How to configure Default Routing in Cisco Routers

This tutorial explains how to configure and use a default route in routing through a practical example in the Packet Tracer. Learn how to configure default routing in Cisco routers.

When a packet arrives on an interface of a router, the router checks the destination network address of the arrived-packet and finds that destination address in the routing table. If the router finds an entry for the destination network, the router forwards the incoming packet from the interface that is specified in the entry.

If the router does not find an entry for the destination network, the router checks the default route. If the default route is available, the router forwards the incoming packet from the interface that is specified in the default route.

If the default route is not available, the router drops the incoming packet. A router uses a default route to forward all incoming packets; those destination addresses are not available in the routing table.

Usually, a default route is used in the following situations.

  • To forward all packets to a single destination.
  • To forward all unknown packets (whose destination network addresses are not available in the routing table) to a server or a device for logging and troubleshooting purposes.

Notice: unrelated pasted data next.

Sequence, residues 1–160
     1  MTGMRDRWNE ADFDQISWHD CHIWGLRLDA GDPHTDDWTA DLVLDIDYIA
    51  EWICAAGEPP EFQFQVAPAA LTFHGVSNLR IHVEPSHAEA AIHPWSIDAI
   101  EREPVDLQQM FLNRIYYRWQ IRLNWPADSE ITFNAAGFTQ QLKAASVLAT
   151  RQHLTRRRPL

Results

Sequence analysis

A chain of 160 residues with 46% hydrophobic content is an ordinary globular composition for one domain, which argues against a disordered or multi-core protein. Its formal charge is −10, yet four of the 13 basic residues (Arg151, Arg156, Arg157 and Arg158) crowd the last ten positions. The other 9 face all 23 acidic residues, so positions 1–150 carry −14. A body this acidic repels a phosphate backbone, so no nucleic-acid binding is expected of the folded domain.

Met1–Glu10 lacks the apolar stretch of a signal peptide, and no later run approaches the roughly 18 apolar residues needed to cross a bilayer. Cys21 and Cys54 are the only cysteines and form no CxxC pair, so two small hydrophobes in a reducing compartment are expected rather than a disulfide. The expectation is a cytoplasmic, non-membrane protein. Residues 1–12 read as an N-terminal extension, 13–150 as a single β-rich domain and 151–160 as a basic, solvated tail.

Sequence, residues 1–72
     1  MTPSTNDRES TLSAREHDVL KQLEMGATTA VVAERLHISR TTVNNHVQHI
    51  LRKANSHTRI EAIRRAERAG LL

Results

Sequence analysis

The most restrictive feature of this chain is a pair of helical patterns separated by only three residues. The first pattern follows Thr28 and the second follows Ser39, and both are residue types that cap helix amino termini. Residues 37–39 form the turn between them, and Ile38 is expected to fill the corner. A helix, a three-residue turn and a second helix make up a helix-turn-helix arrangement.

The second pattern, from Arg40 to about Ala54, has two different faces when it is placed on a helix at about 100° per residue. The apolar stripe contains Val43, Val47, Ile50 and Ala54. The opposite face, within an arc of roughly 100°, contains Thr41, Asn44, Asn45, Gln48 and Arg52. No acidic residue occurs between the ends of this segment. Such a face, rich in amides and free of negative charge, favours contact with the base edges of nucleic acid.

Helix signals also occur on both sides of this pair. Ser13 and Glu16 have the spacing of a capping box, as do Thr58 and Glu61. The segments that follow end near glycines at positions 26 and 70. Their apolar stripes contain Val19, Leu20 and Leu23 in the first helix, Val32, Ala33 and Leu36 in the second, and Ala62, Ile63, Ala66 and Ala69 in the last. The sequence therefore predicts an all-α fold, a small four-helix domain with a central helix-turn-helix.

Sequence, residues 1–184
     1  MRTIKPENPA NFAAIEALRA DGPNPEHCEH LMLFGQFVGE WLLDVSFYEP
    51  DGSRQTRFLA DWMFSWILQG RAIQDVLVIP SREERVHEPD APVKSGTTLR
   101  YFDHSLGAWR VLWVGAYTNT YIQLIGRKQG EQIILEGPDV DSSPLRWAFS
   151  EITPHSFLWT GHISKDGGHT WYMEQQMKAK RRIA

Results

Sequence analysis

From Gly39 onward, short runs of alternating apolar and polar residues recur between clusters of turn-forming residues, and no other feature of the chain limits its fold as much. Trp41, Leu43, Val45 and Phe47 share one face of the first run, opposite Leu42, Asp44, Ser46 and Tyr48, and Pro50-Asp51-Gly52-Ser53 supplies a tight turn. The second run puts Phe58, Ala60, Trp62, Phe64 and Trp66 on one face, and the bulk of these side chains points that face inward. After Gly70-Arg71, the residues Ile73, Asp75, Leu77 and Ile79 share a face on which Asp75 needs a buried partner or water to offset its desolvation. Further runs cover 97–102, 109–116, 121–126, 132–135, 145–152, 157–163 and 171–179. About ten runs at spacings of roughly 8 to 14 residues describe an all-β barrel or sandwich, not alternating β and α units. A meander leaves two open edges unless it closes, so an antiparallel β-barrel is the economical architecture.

• To forward all packets to a device or a router that knows how to reach remote networks or has a routing table that has entries for all remote networks.

In the below section, we will understand how to configure a default route to forward all packets to a single destination through a practical example.

We will understand the remaining situations in the next parts of this article. This tutorial is the second part of the \”Configure Default Routes in Cisco Router\” article. Other parts of this article are the following.

Default Routes in Cisco Routers Explained

This is the first part of the article. This part describes how a default route works as well as also explains the command syntax that is used to configure the default route.